Has anybody used these guys I can't seem...

Has anybody used these guys I can't seem to find a review anywhere ??

Responded on

Freeskier: Skiings independent freeride magazine website has a 2009 online buyer's guide. Here's the link. They also have a video on the pair of ski's.http://www.freeskier.com/buyersGuide/product.php?product_id=302

im 5'10, 175 lbs. and i live in Utah...I'm...

im 5'10, 175 lbs. and i live in Utah...I'm looking to upgrade my pow skis...Expert skier, ski mostly trees and bowls...would the 185 be too long? Im going to center mount them with probably the marker jesters...any thoughts? Thanks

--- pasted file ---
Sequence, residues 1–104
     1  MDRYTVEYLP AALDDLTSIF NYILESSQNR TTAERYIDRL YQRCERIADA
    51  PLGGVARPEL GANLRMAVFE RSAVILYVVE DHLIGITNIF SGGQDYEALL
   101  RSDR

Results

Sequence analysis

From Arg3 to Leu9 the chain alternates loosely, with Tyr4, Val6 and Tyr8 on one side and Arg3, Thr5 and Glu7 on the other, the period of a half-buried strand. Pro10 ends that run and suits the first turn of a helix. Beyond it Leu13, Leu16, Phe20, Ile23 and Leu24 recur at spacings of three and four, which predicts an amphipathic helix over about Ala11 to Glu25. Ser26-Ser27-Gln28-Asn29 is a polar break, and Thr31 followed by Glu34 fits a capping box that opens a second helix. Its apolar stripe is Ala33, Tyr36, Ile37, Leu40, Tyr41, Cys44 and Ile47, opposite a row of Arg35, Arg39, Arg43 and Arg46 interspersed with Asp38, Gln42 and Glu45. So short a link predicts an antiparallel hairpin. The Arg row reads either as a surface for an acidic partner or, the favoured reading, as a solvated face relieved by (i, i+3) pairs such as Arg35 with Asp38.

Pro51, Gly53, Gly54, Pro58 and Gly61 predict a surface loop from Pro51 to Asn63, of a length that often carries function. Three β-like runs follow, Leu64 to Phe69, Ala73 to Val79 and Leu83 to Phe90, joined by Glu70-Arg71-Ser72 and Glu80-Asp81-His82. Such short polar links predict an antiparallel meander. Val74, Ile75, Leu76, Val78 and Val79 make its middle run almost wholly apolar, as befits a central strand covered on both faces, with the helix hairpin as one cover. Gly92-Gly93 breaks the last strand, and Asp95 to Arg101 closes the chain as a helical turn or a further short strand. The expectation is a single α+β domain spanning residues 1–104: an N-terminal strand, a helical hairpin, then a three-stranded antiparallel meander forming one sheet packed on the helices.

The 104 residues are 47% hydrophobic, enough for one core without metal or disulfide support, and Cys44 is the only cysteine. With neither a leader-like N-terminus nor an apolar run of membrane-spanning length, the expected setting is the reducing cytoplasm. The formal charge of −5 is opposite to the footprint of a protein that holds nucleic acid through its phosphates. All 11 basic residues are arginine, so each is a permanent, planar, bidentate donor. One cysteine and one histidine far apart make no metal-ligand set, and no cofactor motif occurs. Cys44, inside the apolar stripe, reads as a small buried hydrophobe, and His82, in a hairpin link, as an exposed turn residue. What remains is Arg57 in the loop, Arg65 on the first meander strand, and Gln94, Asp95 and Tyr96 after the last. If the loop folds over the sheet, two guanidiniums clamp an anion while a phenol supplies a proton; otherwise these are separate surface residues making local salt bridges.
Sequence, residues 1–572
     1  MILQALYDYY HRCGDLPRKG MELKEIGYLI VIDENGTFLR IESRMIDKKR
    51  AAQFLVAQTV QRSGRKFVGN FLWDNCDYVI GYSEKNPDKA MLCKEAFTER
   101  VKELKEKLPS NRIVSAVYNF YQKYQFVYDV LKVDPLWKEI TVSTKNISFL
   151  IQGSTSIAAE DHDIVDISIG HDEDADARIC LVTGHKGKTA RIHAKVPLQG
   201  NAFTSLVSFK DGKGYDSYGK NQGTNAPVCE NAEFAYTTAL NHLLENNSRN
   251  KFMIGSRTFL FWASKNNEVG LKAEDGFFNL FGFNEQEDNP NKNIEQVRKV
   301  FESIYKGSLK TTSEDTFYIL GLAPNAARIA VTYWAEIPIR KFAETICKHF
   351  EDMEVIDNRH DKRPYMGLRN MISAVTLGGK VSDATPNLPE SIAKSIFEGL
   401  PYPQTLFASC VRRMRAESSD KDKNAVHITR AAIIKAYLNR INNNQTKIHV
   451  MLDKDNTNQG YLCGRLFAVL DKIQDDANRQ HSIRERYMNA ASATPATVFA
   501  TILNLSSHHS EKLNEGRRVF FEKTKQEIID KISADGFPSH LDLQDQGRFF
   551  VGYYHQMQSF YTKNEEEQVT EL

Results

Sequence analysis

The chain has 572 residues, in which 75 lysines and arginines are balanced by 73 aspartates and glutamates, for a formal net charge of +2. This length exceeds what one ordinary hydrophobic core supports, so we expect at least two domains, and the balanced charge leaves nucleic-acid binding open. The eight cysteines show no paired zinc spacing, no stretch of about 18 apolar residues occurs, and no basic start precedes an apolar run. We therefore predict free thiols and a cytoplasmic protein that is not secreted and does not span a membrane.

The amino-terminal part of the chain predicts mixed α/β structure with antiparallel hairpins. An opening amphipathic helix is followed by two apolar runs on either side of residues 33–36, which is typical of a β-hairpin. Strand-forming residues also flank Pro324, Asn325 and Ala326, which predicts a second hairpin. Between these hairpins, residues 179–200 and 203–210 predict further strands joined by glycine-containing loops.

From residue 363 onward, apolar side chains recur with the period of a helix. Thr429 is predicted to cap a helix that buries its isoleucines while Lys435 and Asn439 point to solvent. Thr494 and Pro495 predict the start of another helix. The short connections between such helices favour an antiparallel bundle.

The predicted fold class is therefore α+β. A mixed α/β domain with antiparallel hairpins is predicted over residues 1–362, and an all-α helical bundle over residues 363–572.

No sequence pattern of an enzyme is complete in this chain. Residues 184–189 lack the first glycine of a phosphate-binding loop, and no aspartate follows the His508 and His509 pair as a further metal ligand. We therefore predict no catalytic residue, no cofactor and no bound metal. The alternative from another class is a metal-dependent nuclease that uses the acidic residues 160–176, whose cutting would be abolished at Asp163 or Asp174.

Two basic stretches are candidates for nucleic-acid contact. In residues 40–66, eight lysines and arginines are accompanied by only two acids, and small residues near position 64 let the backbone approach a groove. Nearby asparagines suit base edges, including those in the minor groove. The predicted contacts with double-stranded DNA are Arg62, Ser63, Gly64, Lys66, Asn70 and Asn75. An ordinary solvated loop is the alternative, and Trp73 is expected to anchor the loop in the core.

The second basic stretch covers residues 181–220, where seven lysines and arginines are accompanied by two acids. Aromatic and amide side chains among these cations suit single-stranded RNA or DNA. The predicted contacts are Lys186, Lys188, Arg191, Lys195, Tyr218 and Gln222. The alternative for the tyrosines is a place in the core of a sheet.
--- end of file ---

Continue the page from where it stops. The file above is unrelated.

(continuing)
Responded on

If you are center mounting them, I would say the 185 would be the right size. The 175 would be too short for effective pow riding.